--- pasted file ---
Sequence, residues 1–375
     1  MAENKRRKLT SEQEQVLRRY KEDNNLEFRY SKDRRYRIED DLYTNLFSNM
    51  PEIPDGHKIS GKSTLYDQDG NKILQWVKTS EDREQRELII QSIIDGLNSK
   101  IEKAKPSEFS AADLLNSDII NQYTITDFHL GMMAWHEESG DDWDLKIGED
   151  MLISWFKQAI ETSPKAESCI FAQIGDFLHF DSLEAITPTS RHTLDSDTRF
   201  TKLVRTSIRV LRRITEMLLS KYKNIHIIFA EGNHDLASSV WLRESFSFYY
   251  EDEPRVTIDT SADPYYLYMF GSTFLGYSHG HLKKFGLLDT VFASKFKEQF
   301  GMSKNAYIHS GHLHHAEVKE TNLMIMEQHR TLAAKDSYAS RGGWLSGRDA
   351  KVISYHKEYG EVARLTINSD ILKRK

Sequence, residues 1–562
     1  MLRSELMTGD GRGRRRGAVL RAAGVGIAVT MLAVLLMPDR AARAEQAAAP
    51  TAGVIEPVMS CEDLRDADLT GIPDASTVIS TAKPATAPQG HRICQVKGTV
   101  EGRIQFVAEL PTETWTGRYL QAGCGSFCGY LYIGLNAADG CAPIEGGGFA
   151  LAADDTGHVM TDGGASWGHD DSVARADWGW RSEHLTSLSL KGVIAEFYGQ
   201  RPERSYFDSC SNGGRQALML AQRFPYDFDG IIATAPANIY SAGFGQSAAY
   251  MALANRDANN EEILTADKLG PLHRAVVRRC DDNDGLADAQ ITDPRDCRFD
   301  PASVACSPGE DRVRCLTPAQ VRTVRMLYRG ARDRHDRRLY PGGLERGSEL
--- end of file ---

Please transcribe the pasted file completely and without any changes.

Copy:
Sequence, residues 1–375
     1  MAENKRRKLT SEQEQVLRRY KEDNNLEFRY SKDRRYRIED DLYTNLFSNM
    51  PEIPDGHKIS GKSTLYDQDG NKILQWVKTS EDREQRELII QSIIDGLNSK
   101  IEKAKPSEFS AADLLNSDII NQYTITDFHL GMMAWHEESG DDWDLKIGED
   151  MLISWFKQAI ETSPKAESCI FAQIGDFLHF DSLEAITPTS RHTLDSDTRF
   201  TKLVRTSIRV LRRITEMLLS KYKNIHIIFA EGNHDLASSV WLRESFSFYY
   251  EDEPRVTIDT SADPYYLYMF GSTFLGYSHG HLKKFGLLDT VFASKFKEQF
   301  GMSKNAYIHS GHLHHAEVKE TNLMIMEQHR TLAAKDSYAS RGGWLSGRDA
   351  KVISYHKEYG EVARLTINSD ILKRK

Sequence, residues 1–562
     1  MLRSELMTGD GRGRRRGAVL RAAGVGIAVT MLAVLLMPDR AARAEQAAAP
    51  TAGVIEPVMS CEDLRDADLT GIPDASTVIS TAKPATAPQG HRICQVKGTV
   101  EGRIQFVAEL PTETWTGRYL QAGCGSFCGY LYIGLNAADG CAPIEGGGFA
   151  LAADDTGHVM TDGGASWGHD DSVARADWGW RSEHLTSLSL KGVIAEFYGQ
   201  RPERSYFDSC SNGGRQALML AQRFPYDFDG IIATAPANIY SAGFGQSAAY
   251  MALANRDANN EEILTADKLG PLHRAVVRRC DDNDGLADAQ ITDPRDCRFD
   301  PASVACSPGE DRVRCLTPAQ VRTVRMLYRG ARDRHDRRLY PGGLERGSEL